Being a first time landlord can be a daunting journey, with many newbies stumbling at some pretty common pitfalls. To help ensure your first landlords experience is as smooth as possible, we’ve put together a list of eight rookie errors and how to avoid them.
Not drawing up an official lease agreement
Whether you’re renting out your property through an agency or are planning on finding private tenants, it’s essential to have a physical lease agreement that states important factors such as rent, liability, tenant/landlord responsibilities, length of contract and general house rules. Having a written document to refer to in the case of any disputes will make things a whole lot easier.
Neglecting to regularly review rent
Many first time landlords completely neglect the need to regularly review rent costs. While you don’t want to rip your tenants off and force them to consider relocating, you do want to ensure that your rent matches current market values. This is fair for both parties. Note that this should only really be done at six or 12 month intervals.
Not taking out landlords insurance
Taking out landlords insurance is not only smart but also a legal requirement. While you may not be living in the property you still have a responsibility to fix/repair any issues and ensure that the space is safe for human inhabitation.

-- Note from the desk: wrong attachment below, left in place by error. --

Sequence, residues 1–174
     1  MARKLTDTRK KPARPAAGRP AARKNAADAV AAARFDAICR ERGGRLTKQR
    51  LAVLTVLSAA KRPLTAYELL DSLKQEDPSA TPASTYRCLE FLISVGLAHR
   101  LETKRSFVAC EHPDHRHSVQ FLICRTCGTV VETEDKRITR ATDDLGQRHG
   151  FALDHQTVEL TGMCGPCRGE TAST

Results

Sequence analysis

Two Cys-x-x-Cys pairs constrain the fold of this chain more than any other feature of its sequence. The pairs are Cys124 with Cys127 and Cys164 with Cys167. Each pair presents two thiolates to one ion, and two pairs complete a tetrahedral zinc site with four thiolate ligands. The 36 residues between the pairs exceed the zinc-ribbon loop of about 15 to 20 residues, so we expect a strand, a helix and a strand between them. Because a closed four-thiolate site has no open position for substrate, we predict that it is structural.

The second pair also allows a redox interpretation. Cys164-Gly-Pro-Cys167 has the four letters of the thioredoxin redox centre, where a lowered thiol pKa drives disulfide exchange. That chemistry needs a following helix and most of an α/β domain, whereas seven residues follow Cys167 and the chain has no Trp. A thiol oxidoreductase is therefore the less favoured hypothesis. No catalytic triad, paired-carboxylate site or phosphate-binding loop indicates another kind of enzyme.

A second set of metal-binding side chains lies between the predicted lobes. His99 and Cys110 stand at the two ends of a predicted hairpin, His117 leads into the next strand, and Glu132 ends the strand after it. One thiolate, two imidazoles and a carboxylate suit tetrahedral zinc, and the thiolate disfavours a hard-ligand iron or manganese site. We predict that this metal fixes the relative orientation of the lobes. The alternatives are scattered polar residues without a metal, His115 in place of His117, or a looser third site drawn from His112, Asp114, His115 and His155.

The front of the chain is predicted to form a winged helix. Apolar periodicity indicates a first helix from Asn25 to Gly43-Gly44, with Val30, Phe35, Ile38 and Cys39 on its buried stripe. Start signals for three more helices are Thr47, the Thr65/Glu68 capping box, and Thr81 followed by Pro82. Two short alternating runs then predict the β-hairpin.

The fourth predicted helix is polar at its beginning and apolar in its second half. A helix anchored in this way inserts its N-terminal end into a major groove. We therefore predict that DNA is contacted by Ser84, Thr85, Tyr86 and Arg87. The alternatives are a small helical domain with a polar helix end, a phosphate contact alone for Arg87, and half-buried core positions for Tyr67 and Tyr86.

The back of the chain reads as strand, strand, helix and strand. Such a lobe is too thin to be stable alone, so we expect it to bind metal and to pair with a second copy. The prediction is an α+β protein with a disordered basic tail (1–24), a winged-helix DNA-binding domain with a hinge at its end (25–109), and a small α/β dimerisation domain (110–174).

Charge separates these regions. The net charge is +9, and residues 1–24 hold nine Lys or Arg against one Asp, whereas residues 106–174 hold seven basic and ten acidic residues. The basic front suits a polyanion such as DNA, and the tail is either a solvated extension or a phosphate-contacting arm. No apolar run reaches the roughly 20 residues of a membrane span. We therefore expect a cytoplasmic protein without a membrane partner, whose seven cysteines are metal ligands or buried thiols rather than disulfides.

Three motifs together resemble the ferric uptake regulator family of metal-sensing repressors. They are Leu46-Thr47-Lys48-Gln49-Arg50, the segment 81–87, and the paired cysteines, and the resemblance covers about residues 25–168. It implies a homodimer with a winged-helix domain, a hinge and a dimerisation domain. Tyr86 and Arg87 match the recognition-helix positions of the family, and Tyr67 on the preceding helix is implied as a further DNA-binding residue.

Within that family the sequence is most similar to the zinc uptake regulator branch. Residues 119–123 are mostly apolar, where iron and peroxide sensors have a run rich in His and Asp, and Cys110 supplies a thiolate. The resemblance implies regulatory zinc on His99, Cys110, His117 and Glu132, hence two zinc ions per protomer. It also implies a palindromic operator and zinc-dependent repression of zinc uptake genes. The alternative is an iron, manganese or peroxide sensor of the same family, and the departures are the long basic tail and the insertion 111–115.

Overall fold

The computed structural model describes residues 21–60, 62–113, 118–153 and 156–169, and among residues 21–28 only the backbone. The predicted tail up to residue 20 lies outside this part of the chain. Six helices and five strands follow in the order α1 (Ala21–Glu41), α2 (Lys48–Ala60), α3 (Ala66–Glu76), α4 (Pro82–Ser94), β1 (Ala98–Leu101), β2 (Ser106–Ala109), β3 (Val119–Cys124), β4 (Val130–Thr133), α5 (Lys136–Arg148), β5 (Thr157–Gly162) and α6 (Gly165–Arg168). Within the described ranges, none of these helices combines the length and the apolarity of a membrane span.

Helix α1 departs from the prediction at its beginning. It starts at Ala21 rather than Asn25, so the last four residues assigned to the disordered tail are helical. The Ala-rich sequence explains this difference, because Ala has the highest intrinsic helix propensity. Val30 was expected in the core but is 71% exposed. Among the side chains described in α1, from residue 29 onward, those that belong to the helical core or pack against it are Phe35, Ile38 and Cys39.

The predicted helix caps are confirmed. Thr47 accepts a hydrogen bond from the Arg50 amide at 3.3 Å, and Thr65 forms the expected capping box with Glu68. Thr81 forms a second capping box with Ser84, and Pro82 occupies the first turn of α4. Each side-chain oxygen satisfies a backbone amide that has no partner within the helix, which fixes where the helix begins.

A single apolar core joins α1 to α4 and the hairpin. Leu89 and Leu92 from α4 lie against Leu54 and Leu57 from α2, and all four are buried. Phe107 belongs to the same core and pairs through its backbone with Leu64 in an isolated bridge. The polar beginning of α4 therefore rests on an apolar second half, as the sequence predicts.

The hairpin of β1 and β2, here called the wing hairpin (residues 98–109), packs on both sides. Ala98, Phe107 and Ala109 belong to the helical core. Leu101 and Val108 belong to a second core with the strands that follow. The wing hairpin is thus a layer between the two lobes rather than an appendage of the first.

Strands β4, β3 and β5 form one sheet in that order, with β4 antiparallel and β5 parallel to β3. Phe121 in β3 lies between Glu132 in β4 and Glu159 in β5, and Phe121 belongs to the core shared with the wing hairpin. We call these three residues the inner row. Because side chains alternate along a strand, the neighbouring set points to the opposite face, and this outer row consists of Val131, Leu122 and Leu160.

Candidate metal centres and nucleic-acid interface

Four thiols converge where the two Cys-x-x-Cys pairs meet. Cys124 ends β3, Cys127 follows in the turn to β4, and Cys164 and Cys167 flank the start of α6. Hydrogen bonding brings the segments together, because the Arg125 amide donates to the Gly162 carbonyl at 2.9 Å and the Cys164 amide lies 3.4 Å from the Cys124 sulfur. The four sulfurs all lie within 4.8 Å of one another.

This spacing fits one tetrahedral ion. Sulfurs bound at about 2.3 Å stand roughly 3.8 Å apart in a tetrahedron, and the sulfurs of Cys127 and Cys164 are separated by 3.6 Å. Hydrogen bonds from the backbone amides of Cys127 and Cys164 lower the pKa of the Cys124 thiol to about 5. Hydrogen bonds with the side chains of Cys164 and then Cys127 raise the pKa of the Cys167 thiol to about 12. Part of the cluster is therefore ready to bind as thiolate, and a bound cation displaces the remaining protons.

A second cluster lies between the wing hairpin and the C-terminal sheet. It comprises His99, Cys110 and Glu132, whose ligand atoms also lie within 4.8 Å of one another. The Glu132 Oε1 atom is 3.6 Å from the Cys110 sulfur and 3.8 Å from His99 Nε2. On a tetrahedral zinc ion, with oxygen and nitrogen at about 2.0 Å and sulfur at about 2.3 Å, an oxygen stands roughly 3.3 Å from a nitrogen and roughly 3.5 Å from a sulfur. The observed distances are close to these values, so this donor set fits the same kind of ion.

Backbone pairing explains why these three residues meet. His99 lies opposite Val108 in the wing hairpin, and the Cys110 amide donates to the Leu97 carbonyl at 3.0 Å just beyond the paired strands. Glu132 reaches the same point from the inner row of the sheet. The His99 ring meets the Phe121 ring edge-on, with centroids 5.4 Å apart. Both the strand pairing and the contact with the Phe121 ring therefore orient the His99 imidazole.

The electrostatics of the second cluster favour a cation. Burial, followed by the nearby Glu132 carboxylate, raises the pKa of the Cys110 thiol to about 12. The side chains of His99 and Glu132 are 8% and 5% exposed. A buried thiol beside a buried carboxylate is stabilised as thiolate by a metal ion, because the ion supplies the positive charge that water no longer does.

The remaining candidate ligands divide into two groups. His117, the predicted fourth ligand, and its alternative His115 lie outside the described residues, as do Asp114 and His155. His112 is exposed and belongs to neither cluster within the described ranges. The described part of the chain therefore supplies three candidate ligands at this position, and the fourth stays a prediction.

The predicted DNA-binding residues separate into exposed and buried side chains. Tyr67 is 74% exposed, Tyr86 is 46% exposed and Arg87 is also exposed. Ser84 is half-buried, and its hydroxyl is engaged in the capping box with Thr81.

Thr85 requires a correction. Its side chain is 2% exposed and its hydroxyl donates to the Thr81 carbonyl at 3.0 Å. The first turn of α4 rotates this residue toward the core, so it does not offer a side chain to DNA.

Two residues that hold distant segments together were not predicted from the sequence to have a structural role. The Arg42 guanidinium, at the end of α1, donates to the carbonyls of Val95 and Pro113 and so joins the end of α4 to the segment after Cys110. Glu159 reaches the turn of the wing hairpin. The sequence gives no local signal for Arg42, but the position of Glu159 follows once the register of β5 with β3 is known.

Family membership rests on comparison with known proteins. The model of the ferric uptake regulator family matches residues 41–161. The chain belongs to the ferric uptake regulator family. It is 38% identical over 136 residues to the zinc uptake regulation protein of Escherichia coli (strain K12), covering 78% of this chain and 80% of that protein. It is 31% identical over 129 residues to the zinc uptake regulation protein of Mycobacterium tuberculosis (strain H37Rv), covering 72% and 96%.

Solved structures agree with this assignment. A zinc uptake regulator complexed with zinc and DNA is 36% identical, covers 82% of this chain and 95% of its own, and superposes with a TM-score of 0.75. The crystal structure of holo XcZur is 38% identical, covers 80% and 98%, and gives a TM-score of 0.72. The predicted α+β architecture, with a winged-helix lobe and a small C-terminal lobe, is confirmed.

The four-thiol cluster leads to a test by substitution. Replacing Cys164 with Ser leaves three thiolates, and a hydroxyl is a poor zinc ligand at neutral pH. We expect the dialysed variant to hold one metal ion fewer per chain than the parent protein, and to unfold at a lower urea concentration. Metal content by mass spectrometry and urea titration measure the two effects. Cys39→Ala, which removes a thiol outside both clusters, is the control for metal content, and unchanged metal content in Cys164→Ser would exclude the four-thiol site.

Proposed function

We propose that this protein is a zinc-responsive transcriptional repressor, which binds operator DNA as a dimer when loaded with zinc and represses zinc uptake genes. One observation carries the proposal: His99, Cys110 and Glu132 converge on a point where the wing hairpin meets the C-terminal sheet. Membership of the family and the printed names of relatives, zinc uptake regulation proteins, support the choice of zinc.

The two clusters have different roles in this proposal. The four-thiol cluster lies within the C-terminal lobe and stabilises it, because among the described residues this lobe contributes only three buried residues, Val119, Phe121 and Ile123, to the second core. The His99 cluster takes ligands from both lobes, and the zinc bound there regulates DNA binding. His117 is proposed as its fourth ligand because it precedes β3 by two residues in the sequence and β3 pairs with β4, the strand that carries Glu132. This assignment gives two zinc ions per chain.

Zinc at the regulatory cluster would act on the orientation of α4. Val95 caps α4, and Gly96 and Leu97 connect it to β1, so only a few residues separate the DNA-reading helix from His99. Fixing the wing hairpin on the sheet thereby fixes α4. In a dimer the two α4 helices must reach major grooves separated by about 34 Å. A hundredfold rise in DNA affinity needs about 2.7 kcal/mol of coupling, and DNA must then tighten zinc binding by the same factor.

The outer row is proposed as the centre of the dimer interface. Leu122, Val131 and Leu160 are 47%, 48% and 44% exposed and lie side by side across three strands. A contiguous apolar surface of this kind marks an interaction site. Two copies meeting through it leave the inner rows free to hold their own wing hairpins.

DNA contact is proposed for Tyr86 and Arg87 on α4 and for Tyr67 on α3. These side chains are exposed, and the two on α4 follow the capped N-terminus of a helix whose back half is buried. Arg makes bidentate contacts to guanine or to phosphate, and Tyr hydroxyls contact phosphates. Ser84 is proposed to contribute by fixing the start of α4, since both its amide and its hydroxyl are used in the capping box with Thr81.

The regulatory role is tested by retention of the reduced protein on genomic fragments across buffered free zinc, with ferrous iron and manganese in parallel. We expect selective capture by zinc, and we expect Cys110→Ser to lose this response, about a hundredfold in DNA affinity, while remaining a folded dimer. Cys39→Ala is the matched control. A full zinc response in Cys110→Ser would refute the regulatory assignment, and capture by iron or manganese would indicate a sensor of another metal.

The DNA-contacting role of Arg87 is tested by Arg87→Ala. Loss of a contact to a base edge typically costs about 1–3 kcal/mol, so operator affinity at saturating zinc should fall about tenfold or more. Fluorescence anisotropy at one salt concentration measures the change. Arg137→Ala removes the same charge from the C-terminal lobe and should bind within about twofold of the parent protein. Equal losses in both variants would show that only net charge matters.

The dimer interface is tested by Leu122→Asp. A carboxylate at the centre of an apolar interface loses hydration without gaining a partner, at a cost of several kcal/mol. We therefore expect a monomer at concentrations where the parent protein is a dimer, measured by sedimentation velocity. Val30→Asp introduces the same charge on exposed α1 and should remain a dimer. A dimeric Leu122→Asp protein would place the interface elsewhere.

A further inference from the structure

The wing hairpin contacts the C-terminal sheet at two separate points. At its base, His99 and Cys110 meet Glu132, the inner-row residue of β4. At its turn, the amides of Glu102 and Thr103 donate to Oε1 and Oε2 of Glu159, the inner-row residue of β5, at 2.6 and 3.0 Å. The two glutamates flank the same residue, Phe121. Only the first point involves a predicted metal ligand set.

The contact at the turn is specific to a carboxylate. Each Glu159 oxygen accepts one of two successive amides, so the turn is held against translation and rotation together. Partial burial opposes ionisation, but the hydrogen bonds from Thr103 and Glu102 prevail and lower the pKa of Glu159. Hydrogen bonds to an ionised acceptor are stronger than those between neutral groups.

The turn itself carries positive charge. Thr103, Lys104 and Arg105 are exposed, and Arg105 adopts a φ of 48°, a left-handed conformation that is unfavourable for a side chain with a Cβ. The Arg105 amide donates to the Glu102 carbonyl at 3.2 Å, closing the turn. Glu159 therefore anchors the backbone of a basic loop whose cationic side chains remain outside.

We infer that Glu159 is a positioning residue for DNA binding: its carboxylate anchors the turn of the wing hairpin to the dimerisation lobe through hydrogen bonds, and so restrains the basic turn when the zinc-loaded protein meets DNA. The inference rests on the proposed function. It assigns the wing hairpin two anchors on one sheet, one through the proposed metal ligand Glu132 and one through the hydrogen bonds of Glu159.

Not taking an inventory
If you’re renting a furnished property it’s always advisable to write down an inventory of what’s included and the condition it is currently in. This will help solve any disputes over missing or damaged items.
Not applying for a buy to let mortgage
If you don’t plan on living in your property the banks require you to take out a buy to let mortgage. This is because relying on tenant payments is considered more risky than normal. If your bank finds out you are leasing a property on a non-buy to let mortgage, you could risk fines and damage to your credit rating.
Not meeting official regulations
As a landlord, you’re obliged to ensure that your property meets a number of governmental health and safety regulations, such as electrical safety and fire checks. You’ll also need to secure an Energy Performance Certificate.
Not carrying out background checks on tenants
To minimise the risks of any issues or payment disputes, landlords should always carry out tenant reference checks before agreeing to a lease. This will give you an idea of what your tenants will be like and give you the peace of mind that you have found renters with a good renting history.
Underestimating ongoing costs
As a first time landlord it’s important to have a realistic idea of what costs may arise in the future. Always make sure you have back up funds to cover things such as repairs, maintenance, missed rental payments etc. Of course, taking out a comprehensive landlords insurance policy will help minimise any stings.
Armed with these eight tips, you can make sure that your journey as a landlord is smooth, safe and hassle free. Make sure you compare landlord insurance online to find the best possible deal, and you’ll be safe whatever happens.